• Dynamic editing
  • Simulation
  • Real-world backdrop
  • Superimposed objects
  • Hardware integration
  • SLAM (simultaneous localisation and mapping) support
  • Cross-device publishing
  • Real-time analytics
  • Uploading dynamic content
  • 3D object tracking
  • Support for smart glasses
  • Content creation
  • Geolocation tracking
  • Cloud storage

A few open source high performance platforms used for implementing AR and VR are listed below.

A-Frame (aframe.io):

  • Open source platform for VR with entity component system
  • Java based programming functionality for high performance implementations
  • No need for any third party application/hardware
  • All we need is a Web browser and JavaScript library

OpenIllusionist (https://www.openillusionist.org.uk/home/):

  • Dynamic integration of objects
  • Real-time user inputs
  • Dynamic modelling
  • Virtual objects analytics

ApertusVR (http://apertusvr.org/):

  • High performance platform for AR, VR and mixed reality (MR)
  • HTTP rest API integrated
  • Embeddable framework-independent
  • Network topology-independent

ARToolkit+ (http://www.arreverie.com/artoolkit.html):

  • Modular open source code
  • Smart glasses
  • Content library
  • Mobile focus on secure development
  • Android and iOS support
  • Content creation
  • Simulation
  • Superimposed objects
  • Drag-and-drop
  • Virtual reality integration

Holokit (https://holokit.io/):

  • Virtual reality integration
  • Real-world backdrop
  • Superimposed objects
  • Inside-out tracking function
  • 3D objects
  • Multi-degree diagonal field of view
  • Content creation
  • Merges the real and virtual

BRIO (https://experience.brioxr.com/):

  • Drag-and-drop interface
  • Multiple file format support
  • Virtual reality integration
  • 3D objects
  • Content creation
  • Cross-device publishing
  • Content library
  • Real-world backdrop
  • Simulation
  • Tracking and analytics
  • Superimposed objects

Adobe Aero (https://www.adobe.com/in/products/aero.html):

  • Dynamic interactive elements
  • Content creation
  • Set pathways for animations
  • Drag-and-drop
  • Content library
  • Tracking and analytics
  • Simulation
  • Virtual reality integration
  • Cross-device publishing

Vuforia Engine (https://developer.vuforia.com/):

  • Unparalleled accuracy
  • Dynamic simulation
  • Virtual reality integration
  • 3D objects
  • Creative empowerment
  • Superimposed objects
  • Content creation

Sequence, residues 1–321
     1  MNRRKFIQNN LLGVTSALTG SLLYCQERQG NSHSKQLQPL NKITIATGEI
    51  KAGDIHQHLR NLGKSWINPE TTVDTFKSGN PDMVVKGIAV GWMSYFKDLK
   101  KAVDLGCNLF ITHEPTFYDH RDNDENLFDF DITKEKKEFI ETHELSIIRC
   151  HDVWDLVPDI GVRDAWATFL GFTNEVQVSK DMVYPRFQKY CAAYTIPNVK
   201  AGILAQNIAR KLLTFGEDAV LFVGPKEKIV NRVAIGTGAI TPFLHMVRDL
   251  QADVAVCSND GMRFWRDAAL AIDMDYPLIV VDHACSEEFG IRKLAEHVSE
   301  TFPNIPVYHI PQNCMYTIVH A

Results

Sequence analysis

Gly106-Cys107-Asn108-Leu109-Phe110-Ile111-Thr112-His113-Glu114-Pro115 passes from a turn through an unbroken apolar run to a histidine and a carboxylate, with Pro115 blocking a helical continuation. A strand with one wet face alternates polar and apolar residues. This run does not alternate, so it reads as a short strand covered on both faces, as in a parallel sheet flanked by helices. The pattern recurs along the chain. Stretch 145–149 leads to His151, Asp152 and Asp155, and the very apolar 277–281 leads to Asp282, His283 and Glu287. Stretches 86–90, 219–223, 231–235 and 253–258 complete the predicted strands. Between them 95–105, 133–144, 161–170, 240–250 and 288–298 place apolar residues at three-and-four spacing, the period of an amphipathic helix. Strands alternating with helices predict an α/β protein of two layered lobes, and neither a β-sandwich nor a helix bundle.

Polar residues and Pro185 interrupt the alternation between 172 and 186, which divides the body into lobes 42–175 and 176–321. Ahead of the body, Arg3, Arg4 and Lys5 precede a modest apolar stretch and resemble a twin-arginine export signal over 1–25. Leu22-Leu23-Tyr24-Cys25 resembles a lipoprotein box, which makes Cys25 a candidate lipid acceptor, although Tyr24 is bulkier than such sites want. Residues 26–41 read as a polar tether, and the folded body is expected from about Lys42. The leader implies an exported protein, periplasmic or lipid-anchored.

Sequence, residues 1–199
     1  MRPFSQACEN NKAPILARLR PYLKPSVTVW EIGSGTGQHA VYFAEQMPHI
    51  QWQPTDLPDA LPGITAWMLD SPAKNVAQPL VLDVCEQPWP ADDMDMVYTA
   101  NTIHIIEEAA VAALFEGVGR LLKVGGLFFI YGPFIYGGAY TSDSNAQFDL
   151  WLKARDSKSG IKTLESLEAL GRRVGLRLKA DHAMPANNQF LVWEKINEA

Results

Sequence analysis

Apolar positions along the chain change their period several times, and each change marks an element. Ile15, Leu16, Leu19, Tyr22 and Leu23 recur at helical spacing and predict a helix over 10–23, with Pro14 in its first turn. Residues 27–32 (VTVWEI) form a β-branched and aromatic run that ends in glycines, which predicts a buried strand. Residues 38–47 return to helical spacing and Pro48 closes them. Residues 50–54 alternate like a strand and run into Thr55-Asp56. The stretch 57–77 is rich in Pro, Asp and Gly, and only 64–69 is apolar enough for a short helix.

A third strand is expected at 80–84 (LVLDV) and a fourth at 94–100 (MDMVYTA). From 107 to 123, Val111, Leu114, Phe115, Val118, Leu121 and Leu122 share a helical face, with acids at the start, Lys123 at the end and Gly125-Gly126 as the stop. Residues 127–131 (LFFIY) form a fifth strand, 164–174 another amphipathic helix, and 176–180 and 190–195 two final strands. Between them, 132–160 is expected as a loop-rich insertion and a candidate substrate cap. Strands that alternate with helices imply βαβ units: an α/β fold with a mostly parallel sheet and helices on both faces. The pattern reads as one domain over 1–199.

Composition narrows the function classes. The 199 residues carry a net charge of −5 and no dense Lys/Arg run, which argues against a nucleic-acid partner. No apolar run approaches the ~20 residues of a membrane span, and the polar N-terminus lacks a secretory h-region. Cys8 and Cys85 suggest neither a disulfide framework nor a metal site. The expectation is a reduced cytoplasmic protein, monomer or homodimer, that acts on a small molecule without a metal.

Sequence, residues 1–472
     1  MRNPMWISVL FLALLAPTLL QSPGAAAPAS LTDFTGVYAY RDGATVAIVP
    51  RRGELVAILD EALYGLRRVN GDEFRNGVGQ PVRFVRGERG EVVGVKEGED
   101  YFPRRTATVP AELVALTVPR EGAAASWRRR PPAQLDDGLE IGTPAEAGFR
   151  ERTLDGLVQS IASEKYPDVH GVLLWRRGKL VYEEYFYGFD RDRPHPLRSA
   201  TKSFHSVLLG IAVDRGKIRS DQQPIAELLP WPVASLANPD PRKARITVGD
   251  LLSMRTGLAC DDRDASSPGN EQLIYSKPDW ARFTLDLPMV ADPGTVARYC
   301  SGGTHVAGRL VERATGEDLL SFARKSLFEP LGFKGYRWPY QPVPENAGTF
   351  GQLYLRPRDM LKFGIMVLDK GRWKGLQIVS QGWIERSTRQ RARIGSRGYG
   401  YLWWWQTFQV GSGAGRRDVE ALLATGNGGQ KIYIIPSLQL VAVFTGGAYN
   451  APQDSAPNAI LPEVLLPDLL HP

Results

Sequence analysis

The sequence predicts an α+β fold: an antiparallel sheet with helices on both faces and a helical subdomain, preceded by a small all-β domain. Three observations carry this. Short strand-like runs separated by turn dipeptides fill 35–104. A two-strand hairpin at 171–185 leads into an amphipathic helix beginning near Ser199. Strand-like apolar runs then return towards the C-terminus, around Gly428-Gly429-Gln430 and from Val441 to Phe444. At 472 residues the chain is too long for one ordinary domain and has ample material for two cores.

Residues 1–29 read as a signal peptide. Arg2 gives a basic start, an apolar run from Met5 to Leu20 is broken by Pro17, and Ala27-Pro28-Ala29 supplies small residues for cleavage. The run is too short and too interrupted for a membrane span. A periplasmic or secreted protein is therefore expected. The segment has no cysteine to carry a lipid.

• Maximum reach
  • Content library
  • Tracking and analytics
  • Real-world backdrop
  • Advanced vision
  • Drag-and-drop

Scope for research and development
AR and VR help in providing a multisensory experience in which real-world items are improved with computer-generated perceptual information, including visual, aural, haptic, somatosensory, and olfactory information. Combining the real and virtual worlds, these technologies allow in-the-moment interaction, and accurately register 3D models of virtual and actual items.

Augmented and virtual reality
Figure 2: Augmented and virtual reality

Researchers and practitioners can use open source platforms of AR and VR to provide an interface between real-time experiences and remote infrastructure. There is a huge scope for research as there is no need to move physically to any location and remote points are always accessible.

Scientists, medical practitioners, surgeons, and experts in space exploration missions can use AR, VR and MR (mixed reality) to have a simulated view or remote experience of the actual infrastructure. This can be beneficial for multiple applications.

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Dr Kumar Gaurav
Dr Kumar Gaurav
The author is the managing director of Magma Research and Consultancy Pvt Ltd, Ambala Cantonment, Haryana. He has 16 years experience in teaching, in industry and in research. He is a projects contributor for the Web-based source code repository SourceForge.net. He is associated with various central, state and deemed universities in India as a research guide and consultant. He is also an author and consultant reviewer/member of advisory panels for various journals, magazines and periodicals. The author can be reached at kumargaurav.in@gmail.com.